Youth unemployment is low compared to the national average – yet we are almost alone in England – by failing to increase the number of apprenticeship starts since 2011; which suggests to me a breakdown in how we effectively work with local employers.
As your chair, I will bring to this role an unshakeable commitment never to accept second best for our children and young people of the city. I bring with me professional experience of 20 years working in education and training; and more recently working in other countries seeing how they manage similar challenges – often in very imaginative and entrepreneurial ways. I will be sharing some of these insights with the Director of Children’s Services and his team.
Can I take this opportunity to formally introduce Councillor Chapman, who will act as the committee’s deputy chair; as well as support me and the Director of Children’s Services in driving through the required change.
With the right leadership team some really extraordinary things can be achieved. But it will take some boldness and a willingness to put aside party political differences at times. Yes, we have to recognise that this is financially an unprecedented time for local government, particularly given central government cuts. There is some welcome protection to the schools part of the budget in cash terms, but governors and head teachers we know may still struggle to balance the books. Despite all this, my appeal to you would be this: let’s keep our focus on what more can be achieved to improve education and children’s services in our city, even in these challenging times.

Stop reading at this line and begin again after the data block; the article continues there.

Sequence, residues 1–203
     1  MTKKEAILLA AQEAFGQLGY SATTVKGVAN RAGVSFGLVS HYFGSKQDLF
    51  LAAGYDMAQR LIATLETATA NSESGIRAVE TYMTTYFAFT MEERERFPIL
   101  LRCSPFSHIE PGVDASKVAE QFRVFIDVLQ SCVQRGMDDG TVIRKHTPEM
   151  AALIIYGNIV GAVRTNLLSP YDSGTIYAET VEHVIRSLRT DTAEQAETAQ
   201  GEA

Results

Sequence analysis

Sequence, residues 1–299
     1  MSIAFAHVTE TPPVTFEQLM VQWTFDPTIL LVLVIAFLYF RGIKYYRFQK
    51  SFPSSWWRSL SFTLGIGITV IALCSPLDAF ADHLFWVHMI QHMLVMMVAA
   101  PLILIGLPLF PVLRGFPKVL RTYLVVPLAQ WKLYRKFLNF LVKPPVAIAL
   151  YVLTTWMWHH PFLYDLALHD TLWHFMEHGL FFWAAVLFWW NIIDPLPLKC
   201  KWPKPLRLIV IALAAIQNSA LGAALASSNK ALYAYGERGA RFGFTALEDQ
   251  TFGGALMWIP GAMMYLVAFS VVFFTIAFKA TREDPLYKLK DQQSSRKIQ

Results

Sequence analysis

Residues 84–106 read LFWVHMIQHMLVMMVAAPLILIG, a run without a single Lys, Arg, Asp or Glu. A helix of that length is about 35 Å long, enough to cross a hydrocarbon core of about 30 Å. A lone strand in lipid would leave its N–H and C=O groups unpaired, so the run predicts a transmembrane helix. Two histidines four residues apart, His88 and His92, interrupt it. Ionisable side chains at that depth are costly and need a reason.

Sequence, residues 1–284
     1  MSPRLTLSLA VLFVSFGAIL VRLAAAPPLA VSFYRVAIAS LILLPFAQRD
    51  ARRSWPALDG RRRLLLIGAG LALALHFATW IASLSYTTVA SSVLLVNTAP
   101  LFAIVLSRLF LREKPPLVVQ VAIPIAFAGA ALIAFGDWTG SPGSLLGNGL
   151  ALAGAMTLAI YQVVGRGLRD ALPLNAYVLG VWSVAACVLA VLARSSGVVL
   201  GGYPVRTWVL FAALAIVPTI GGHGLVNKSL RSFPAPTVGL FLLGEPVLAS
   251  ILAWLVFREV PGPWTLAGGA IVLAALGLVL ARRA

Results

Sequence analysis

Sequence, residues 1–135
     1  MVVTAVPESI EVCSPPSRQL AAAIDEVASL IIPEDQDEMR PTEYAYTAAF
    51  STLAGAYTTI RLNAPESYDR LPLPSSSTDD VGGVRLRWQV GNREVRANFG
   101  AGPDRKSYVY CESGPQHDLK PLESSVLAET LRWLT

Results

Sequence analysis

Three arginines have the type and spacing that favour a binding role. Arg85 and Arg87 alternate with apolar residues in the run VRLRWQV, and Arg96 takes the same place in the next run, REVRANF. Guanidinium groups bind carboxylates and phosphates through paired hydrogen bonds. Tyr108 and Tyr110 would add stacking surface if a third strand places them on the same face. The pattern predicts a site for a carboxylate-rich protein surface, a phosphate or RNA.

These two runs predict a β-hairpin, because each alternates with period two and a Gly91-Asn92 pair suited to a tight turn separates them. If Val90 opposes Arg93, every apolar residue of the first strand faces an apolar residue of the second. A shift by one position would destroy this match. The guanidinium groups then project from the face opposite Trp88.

Finally, you should know that I do not bring any pre-conceived ideology or dogma about education and policy to this role. My business life has taught me to be biased to action, not processes. Educational standards are far more important to me than structures. My focus, working with all of you – is that I will strive hard to work in as consensual a manner as possible – I will always try to bring us back to the central challenge that both we and the city will face:
o How do we unite and work together to achieve the best education, skills and children's services outcomes for our great city?
o How do we become one of the best local authorities in the UK, rated as at least Good or Outstanding by OfSted within the next 4 years?
o How do we set a course that achieves world-class status for our city when it comes to education, young people and skills?
This is after all, I hope you’ll agree, what we have been put here by the residents of Brighton & Hove to work towards”.
“Congratulations to two Brighton & Hove schools who are the winners of the Reading Recovery Awards 2015 which celebrate and honour practitioners who have made an outstanding contribution to children's literacy through Reading Recovery and are awarded by UCL Institute of Education. Reading Recovery School of the Year Award went to Pippa Davis at St Joseph’s Roman Catholic Primary School, for work supporting parental involvement. Inspirational Manager of the Year Award went to Jenny Aldridge, Rudyard Kipling Primary School, for work with community engagement and high aspiration for literacy learning for all.
I know what a difference this work and the Every Child a Reader programme is making to the outcomes for young people and I also want to thank all those who make this a reality in the city”
“Brighton & Hove has been short listed as one of the finalists for the Public Health Partnershipscategory and for Legal Services. Local Authority representatives will attend the awards ceremony on the evening of Thursday 18th June, at the Hilton, Park Lane, London”.